"I was delighted to take part in a clinical trial as it has the potential to really help others in the future.”
A trial of IMA901 with sunitinib for advanced renal cell cancer (IMPRINT)
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This trial looked at a vaccine called IMA901 alongside sunitinib for renal cell cancer (kidney cancer) that has spread.
More about this trial
In this trial, they wanted to see if having a vaccine called IMA901 as well as sunitinib would be useful. IMA901 is a type of immunotherapy. It helps the body’s immune system recognise and kill cancer cells.
In this trial people either had:
- sunitinib alone
- sunitinib, IMA901, a chemotherapy drug called cyclophosphamide and a growth factor called GM-CSF
Doctors hoped that a low dose of cyclophosphamide and GM-CSF would help the IMA901 work better.
The main aim of this trial was to see if IMA901 and sunitinib work better than sunitinib alone, for people with advanced renal cell cancer.
Summary of results
The research team found that the combination of IMA901 and sunitinib did not work better than sunitinib alone for renal cell cancer that had spread.
This trial was open for people to join between 2010 and 2012, and the research team published the results in 2016.
About this trial
Everyone taking part in this trial had a type of kidney cancer called renal cell cancer that had spread. They had not had any treatment before this.
They all had sunitinib for 4 weeks to begin with, and 339 people were put into 1 of 2 groups at random:
- 204 were in the sunitinib and IMA901 group
- 135 were in the sunitinib group
In 2015 the research team looked at how many people in each group had died. They found it was:
- 101 out of 204 people (50%) in the sunitinib and IMA901 group
- 54 out of 135 people (40%) in the sunitinib group
The difference between the 2 groups is not big enough for the researchers to say for sure that it is due to the different treatments. It may have been chance.
They also looked at how many people’s cancer responded to treatment, and how long it was before the cancer started to grow. These were nearly the same in both groups.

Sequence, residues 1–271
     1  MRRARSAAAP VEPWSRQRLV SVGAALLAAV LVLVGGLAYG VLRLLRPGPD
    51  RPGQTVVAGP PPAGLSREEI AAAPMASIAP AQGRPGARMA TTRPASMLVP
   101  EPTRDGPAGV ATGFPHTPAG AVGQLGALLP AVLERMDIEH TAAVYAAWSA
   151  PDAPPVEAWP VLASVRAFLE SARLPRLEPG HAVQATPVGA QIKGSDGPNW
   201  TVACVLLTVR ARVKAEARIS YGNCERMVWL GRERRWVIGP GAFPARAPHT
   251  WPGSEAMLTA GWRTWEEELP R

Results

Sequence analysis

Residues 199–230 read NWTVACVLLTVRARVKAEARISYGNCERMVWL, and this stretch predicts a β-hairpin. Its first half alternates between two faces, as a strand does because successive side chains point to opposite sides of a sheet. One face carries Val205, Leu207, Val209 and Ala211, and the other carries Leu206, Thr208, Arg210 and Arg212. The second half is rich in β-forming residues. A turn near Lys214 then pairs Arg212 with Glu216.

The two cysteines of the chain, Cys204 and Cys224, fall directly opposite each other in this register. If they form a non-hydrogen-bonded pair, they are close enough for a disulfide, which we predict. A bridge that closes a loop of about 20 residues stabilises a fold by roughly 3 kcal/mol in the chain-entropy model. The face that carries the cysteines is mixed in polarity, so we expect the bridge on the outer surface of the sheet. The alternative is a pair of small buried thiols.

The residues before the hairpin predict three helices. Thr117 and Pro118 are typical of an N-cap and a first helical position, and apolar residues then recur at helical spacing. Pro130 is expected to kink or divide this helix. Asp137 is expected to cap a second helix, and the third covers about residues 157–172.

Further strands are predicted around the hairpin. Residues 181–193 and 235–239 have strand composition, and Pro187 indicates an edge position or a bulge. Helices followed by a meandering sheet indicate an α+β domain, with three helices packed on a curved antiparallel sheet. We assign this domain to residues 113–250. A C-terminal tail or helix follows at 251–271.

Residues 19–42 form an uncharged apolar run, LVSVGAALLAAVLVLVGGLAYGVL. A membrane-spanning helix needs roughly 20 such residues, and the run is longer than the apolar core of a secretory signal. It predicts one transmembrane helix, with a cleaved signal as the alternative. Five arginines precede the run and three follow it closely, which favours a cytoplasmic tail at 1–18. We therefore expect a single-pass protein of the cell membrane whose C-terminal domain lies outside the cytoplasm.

The research team took blood samples to measure how much people’s immune system responded to the treatment. They couldn’t find a link between the number of immune system cells and how well the treatment worked for individual people.
Some people taking part did have side effects, but many were mild or short lived. A few people had more severe side effects including increased blood pressure and a drop in red blood cells or white blood cells.
Most of the side effects people had were the usual side effects of sunitinib. Some people who had IMA901 had some redness or itching at the injection site.
The research team concluded that the combination of IMA901 and sunitinib was not better than sunitinib alone for renal cell cancer that has spread. But even when a trial shows a treatment isn’t useful for a particular cancer, it adds to our knowledge and understanding of cancer and how to treat it.
They suggest further work is done on how to increase the immune system response to IMA901.
Where this information comes from
We have based this summary on information from the research team. The information they sent us has been reviewed by independent specialists (peer reviewed) and published in a medical journal. The figures we quote above were provided by the trial team who did the research. We have not analysed the data ourselves.
How to join a clinical trial
Professor Tim Eisen
Experimental Cancer Medicine Centre (ECMC)
NIHR Clinical Research Network: Cancer